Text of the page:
As the Northwest light-rail expands into Glendale, local business owners try to work out the project’s kinks with city officials.
When talk first started of the expansion, many business owners were a bit skeptical of their success during the process. But after talking with each other and receiving much needed reassurance from the city of Phoenix, businesses can breathe a bit easier.
According to the City of Phoenix, these public transit improvements have allowed Phoenix natives to become more comfortable with public transportation. In the past year, there have been 37.4 million bus passenger boardings along with 7.8 million boardings on the light-rail.
So what does this mean for local businesses?
In preparation for the original 20-mile rail system, the city council approved $2 million to be provided for business assistance for those affected by the construction of the light-rail. According to the city of Phoenix, the program successfully joined existing city programs and resources to provide immediate support for the businesses.
“As with the original project, the construction of Metro Light Rail can be disruptive to the businesses, neighborhoods and community organizations along the line,” Sam Richard, business development director and member of the Encanto village planning committee says, “However, despite those challenges the city along with the Greater Phoenix Chamber of Commerce and Local First Arizona are working to connect business owners to resources during the construction phase.”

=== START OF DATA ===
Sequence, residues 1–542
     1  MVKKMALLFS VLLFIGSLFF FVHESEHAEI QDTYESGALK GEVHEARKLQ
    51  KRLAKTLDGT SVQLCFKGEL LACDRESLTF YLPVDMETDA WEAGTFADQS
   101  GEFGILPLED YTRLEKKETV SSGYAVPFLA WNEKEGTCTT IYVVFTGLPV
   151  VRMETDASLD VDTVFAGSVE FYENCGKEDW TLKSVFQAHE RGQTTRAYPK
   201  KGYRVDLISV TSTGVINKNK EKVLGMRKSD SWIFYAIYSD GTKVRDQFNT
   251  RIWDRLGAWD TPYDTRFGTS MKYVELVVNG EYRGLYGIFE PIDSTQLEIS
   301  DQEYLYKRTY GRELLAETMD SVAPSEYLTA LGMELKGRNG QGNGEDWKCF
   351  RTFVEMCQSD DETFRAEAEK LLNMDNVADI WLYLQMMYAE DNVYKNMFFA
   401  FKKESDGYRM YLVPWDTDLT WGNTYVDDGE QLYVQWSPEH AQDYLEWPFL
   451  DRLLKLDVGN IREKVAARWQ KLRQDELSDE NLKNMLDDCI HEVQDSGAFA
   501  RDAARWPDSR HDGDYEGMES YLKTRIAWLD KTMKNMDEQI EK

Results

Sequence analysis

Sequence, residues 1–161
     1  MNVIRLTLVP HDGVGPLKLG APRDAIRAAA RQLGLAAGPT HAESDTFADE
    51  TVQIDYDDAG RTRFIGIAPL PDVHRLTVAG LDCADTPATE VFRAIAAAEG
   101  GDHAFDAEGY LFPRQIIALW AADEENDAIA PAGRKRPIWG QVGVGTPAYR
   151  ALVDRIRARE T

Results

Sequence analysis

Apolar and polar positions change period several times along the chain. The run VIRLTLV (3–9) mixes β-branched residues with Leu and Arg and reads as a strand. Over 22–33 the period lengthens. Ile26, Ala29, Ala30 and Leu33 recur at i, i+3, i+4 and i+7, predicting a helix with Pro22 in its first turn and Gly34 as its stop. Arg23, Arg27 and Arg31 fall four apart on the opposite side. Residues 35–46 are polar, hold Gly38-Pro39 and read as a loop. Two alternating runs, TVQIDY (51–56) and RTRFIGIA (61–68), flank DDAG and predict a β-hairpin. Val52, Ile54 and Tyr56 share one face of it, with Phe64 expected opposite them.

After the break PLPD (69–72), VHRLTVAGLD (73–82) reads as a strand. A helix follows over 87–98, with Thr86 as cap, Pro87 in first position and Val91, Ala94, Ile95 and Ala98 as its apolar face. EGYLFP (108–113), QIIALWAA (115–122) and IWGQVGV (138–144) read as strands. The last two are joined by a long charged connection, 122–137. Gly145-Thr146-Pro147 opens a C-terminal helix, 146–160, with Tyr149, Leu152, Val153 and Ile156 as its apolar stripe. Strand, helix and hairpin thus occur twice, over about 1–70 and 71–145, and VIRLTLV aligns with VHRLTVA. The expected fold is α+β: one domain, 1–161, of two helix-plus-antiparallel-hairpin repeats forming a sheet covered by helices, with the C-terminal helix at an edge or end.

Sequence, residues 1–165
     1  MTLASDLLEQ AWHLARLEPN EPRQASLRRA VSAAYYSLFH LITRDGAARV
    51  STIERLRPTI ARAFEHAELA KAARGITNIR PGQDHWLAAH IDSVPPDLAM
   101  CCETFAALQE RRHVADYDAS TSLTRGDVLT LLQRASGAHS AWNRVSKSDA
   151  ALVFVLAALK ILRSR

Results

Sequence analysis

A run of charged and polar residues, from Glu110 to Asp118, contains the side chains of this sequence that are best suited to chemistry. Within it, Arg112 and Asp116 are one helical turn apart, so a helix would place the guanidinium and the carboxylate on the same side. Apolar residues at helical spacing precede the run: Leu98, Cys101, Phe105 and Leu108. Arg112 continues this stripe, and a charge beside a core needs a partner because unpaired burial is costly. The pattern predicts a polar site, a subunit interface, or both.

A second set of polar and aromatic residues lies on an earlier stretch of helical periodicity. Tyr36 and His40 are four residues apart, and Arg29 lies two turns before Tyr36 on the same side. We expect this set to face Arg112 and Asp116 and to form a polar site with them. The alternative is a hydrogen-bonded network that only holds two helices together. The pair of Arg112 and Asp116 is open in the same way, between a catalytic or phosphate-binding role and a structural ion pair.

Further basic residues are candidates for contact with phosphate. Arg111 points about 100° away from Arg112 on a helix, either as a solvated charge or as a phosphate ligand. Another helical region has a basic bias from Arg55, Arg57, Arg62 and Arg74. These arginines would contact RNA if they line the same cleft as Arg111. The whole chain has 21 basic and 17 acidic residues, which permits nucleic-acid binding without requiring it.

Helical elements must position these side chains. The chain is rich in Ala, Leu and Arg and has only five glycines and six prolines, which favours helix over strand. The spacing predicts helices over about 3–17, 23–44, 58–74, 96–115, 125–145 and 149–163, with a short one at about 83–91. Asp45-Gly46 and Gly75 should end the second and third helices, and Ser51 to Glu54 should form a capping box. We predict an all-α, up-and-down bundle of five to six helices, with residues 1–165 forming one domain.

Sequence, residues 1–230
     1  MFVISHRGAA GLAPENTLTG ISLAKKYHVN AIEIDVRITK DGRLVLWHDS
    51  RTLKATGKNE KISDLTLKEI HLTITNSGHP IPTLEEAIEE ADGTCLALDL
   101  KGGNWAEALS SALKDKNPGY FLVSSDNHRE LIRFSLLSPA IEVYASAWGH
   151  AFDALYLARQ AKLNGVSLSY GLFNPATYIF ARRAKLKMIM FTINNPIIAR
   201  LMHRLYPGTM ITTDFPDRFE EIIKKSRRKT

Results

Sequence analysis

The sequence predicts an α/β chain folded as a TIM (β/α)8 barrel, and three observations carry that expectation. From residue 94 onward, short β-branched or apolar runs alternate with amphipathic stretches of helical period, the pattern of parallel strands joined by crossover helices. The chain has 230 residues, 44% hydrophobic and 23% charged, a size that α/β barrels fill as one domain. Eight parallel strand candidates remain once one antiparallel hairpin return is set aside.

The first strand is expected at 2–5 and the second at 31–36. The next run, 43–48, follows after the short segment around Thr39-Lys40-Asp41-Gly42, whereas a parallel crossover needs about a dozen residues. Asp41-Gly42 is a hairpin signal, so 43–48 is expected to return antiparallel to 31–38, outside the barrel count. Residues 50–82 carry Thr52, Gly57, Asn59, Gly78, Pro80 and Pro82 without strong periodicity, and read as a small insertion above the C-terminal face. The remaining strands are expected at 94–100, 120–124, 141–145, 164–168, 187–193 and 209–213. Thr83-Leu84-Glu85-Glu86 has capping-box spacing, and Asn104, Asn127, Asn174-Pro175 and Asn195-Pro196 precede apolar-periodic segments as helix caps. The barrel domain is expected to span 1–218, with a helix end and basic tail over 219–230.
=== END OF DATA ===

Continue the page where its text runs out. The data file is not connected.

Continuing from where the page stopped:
The main concern of the businesses is the access customers will be able to have. Ruth Anderson, manager at WineBurger, says that the businesses with only one access point are going to be the businesses that have the most trouble. But once construction is gone there will be a better overall business flow.
To assist the approximate 300 businesses along the Northwest expansion, Council staff is recommending $500,000 to be spent over the next four fiscal years for the project. The City of Phoenix says that a portion of that budget will be held as contingency funds to allow responses to issues during construction.
Although the rail system is in motion now, in June 2009, the Northwest expansion was delayed due to significantly reduced sales tax revenues. During their time off, Metro researched ways to get construction underway sooner and with a $200 million plan, the expansion was approved by city council on June 20, 2012.
Ana Berzan, owner of De La Ana European Delicatessen in Phoenix, says, “In the long run it will probably bring more traffic to the business. For right now, they just started working and they do provide access (to the business), but I’m not sure what is going to happen.”
The new line will add three stations ending at Dunlap Avenue, which is 3.2 miles longer off of the 19th/Montebello Avenue light-rail stop and is expected to open in the beginning of 2016.